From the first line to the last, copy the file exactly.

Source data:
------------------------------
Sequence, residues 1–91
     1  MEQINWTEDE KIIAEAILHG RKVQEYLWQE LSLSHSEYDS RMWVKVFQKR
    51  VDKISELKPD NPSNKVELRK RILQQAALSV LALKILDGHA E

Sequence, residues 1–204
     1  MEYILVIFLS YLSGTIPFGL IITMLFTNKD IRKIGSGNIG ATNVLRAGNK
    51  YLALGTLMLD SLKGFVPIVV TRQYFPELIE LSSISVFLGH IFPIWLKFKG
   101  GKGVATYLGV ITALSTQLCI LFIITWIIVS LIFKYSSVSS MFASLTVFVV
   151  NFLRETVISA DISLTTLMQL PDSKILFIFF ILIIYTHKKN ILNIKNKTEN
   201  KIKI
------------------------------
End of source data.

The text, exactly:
Sequence, residues 1–91
     1  MEQINWTEDE KIIAEAILHG RKVQEYLWQE LSLSHSEYDS RMWVKVFQKR
    51  VDKISELKPD NPSNKVELRK RILQQAALSV LALKILDGHA E

Sequence, residues 1–204
     1  MEYILVIFLS YLSGTIPFGL IITMLFTNKD IRKIGSGNIG ATNVLRAGNK
    51  YLALGTLMLD SLKGFVPIVV TRQYFPELIE LSSISVFLGH IFPIWLKFKG
   101  GKGVATYLGV ITALSTQLCI LFIITWIIVS LIFKYSSVSS MFASLTVFVV
   151  NFLRETVISA DISLTTLMQL PDSKILFIFF ILIIYTHKKN ILNIKNKTEN
   201  KIKI